- The transition to renewable power requires that we store excess energy in batteries and then redeploy it when the sun and wind aren’t cooperating with demand.
- The trouble with lithium-ion batteries is that lithium is expensive and mining it is bad for the environment.
- Sodium-sulfur batteries are a promising alternative. They use low-cost materials, which can be easily extracted from saltwater.
A new type of low-cost battery could help solve the renewable energy storage problem, giving us a better way to bank solar and wind energy for when the sun isn’t shining and the wind isn’t blowing.
The challenge: A whopping 30% of global CO2 emissions are produced by coal-fired power plants, and decarbonizing the electric grid is a vital part of combating climate change.
We can speed the transition to a clean electric grid by storing excess energy in batteries, but lithium-ion ones are expensive.
Solar and wind power have become dramatically cheaper over the past couple of decades. However, these sources still depend on environmental conditions — without wind, turbines can’t spin, and if the sun isn’t shining, solar panels (usually) can’t harvest energy.
That makes these sources less consistent than fossil fuels, which can be dispatched on demand, and so even while solar and wind continue to grow, utilities continue to rely on gas to fill gaps and keep the electric grid stable.
Energy storage: We can speed the transition to renewable power by storing excess energy in batteries and then deploying it when the sun and wind aren’t cooperating with demand. Many newer renewable energy plants are being paired with big banks of lithium-ion batteries, but lithium is expensive, and mining it is bad for the environment in other ways.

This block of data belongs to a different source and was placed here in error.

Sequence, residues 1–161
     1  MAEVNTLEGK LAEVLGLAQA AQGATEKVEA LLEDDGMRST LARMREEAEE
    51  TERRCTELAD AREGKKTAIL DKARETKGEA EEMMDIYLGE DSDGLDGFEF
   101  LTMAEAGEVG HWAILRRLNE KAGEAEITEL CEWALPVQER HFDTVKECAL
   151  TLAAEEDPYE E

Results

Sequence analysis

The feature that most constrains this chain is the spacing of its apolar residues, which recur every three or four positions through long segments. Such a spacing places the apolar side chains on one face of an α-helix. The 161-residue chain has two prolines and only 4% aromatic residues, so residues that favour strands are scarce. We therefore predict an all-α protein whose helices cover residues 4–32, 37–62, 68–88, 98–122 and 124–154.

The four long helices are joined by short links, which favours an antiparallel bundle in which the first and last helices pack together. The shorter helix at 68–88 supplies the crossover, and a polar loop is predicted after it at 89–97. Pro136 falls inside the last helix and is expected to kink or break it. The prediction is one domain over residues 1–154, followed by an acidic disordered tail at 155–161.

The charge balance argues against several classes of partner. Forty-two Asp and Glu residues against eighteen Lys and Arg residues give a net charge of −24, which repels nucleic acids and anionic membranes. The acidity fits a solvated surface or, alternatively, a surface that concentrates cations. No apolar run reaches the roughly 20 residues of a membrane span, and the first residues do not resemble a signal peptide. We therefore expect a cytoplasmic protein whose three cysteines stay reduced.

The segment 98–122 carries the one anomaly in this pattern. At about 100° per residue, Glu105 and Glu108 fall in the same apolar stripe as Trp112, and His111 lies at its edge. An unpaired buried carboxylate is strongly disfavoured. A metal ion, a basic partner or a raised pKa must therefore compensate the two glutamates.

“Storage solutions that are manufactured using plentiful resources like sodium … have the potential to guarantee greater energy security.”SHENLONG ZHAO
Room-temperature sodium-sulfur (RT Na-S) batteries are a promising alternative for renewable energy storage. They rely on chemical reactions between a sulfur cathode and a sodium anode to store and deploy electrical energy, and they use low-cost materials, which can even be easily extracted from saltwater.
“Storage solutions that are manufactured using plentiful resources like sodium … have the potential to guarantee greater energy security more broadly and allow more countries to join the shift towards decarbonisation,” said Shenlong Zhao, an energy storage researcher at the University of Sydney.
What’s new? Existing RT Na-S batteries have had limited storage capacity and a short life cycle, which has held back their commercialization, but there’s now a new kind of RT Na-S battery, developed by Zhao’s team.
According to their paper, the device has four times the storage capacity of a lithium-ion battery and an ultra-long life — after 1,000 cycles, it still retained about half of its capacity, which the researchers claim is “unprecedented.”
“This is a significant breakthrough for renewable energy development.”SHENLONG ZHAO
This leap was possible thanks to the incorporation of carbon-based electrodes and the use of a process called “pyrolysis” to improve the reactivity of the sulfur and the reactions between the sulfur and sodium.
“This is a significant breakthrough for renewable energy development which, although reduces costs in the long term, has had several financial barriers to entry,” said Zhao.
The big picture: So far, the Sydney researchers have only created and tested lab-scale versions of their RT Na-S battery. They now plan to focus on scaling up and commercializing the tech, which will likely take several years.
There are many other alternatives to lithium-ion batteries that can be used for renewable energy storage today, though, including long-living flow batteries, massive water batteries, and batteries that store electricity as heat in bricks, sand, and other solid materials.
The sooner we scale up our use of renewables and deploy more of these batteries — and innovative newcomers, like the University of Sydney’s creation — the better our chances of avoiding the worst possible effects of climate change.
This article was originally published by our sister site, Freethink.